Ladies and Gentlemen,

Shaping the Post-2015 Development Agenda in the Asia-Pacific

Accelerated MDG progress and preparing for the post 2015 development agenda are part of the same effort. Even if all the MDGs are fully achieved, much unfinished business remains. Even if the MDG poverty targets are achieved, for example, and we manage to halve poverty, what about the other half of people who remain in poverty – and will very likely have the face of rural women?

Human consumption and production exceeds our planetary boundaries. This needs to be addressed in the post-2015 development agenda, which is why I am so pleased that the Representative from Indonesia is with us today – whose President is the Co-chair of the High Level Panel.

At the recently concluded United Nations Conference on Sustainable Development (Rio+20) the Member States of the United Nations adopted an outcome document "The Future We Want" and put forward a common vision of sustainable development as the unifying paradigm for national development strategies in the 21st century. In fact this is now seen as a universal agenda.

As part of the follow-up to the commitments made at Rio+20, the UN regional commissions and their subregional offices, have been mandated to support developing countries to achieve sustainable development. This requires countries to balance their economic, social and environmental development paths and to strengthen the interlinkages between them to build the inclusive and sustainable future we want.

As the 2015 deadline for achieving the MDGs approaches, the countries of the Asia-Pacific region have the opportunity before them to shape our own subregional development strategy for the post-2015 period, for our people and our planet.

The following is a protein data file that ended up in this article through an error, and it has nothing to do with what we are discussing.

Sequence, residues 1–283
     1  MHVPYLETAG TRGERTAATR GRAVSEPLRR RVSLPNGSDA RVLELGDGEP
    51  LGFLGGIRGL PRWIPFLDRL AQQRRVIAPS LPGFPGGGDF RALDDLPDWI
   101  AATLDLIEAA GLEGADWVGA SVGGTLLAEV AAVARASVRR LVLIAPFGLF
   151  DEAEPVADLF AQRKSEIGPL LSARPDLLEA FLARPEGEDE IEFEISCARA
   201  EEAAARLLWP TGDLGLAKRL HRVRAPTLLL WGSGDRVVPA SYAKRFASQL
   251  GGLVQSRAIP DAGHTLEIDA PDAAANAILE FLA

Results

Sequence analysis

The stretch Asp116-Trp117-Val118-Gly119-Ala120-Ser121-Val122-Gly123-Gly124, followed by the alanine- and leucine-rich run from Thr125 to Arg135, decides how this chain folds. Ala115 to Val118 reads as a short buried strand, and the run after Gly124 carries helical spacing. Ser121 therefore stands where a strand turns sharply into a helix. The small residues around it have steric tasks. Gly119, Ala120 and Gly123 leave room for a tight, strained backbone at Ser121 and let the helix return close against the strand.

We need a “bold and ambitious” development framework in the midst of a new normal of increased economic insecurity, and vulnerability. We need a development agenda that can sustain the dynamism of our subregion.

The UN Secretary-General has set in motion an inclusive bottom-up process to shape the post 2015 UN Development Agenda, and this is very different from how the MDGs were shaped – top-down to raise donor funds for specific needs. For Asia and the Pacific, ESCAP in partnership with the Asian Development Bank and the UNDP, has been organizing a series of workshop and consultation process at the sub-regional level to facilitate a better understanding of the post-2015 development agenda from the regional perspectives. Not just understanding, but shaping the agenda.

Conclusion

This is your forum. I hope you will use this South-East Asian workshop as your opportunity to facilitate policy dialogue, advocacy and networking on MDGs and post-2015 development agenda, while leading to the identification of concrete goals and targets. The results of these consultations will feed into the preparation of the next MDG Report by the three partners – ESCAP, ADB and UNDP – this is also in consultation with the more than 30 agencies that form the UN Regional Coordination Mechanism, and the Secretary-General’s efforts on the 2015 development agenda.

There are different consultation tracks – through the UN regional commissions, the UN Development Group, and the private sector. Through this Report we hope to take your collective views to the global stage in order to ensure that the post 2015 UN Development Agenda truly reflects this sub-region’s development challenges and priorities.

I look forward to the outcome document of the consultation which should explicitly recognize national and subregional diversities and bring out the perspectives with an open and inclusive process from the countries in the sub-region. There is a lot of work still to do – and this is a tremendous opportunity to shape the post-2015 agenda.

I thank you.